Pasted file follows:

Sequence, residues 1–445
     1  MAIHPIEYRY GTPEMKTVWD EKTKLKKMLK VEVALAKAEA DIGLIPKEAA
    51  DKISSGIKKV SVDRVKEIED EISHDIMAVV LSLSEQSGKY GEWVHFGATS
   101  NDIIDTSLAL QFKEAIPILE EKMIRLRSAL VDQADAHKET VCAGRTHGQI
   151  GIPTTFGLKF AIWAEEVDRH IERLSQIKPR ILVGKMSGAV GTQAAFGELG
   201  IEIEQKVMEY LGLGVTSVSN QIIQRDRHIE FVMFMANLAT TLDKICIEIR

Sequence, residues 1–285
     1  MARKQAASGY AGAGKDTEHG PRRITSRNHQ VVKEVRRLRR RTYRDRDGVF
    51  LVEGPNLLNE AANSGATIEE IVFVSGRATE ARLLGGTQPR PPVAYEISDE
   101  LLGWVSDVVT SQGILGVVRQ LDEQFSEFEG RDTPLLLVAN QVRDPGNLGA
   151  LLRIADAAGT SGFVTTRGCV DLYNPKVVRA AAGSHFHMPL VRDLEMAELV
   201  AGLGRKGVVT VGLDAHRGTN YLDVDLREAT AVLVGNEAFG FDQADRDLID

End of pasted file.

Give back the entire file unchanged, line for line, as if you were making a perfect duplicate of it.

Sequence, residues 1–445
     1  MAIHPIEYRY GTPEMKTVWD EKTKLKKMLK VEVALAKAEA DIGLIPKEAA
    51  DKISSGIKKV SVDRVKEIED EISHDIMAVV LSLSEQSGKY GEWVHFGATS
   101  NDIIDTSLAL QFKEAIPILE EKMIRLRSAL VDQADAHKET VCAGRTHGQI
   151  GIPTTFGLKF AIWAEEVDRH IERLSQIKPR ILVGKMSGAV GTQAAFGELG
   201  IEIEQKVMEY LGLGVTSVSN QIIQRDRHIE FVMFMANLAT TLDKICIEIR

Sequence, residues 1–285
     1  MARKQAASGY AGAGKDTEHG PRRITSRNHQ VVKEVRRLRR RTYRDRDGVF
    51  LVEGPNLLNE AANSGATIEE IVFVSGRATE ARLLGGTQPR PPVAYEISDE
   101  LLGWVSDVVT SQGILGVVRQ LDEQFSEFEG RDTPLLLVAN QVRDPGNLGA
   151  LLRIADAAGT SGFVTTRGCV DLYNPKVVRA AAGSHFHMPL VRDLEMAELV
   201  AGLGRKGVVT VGLDAHRGTN YLDVDLREAT AVLVGNEAFG FDQADRDLID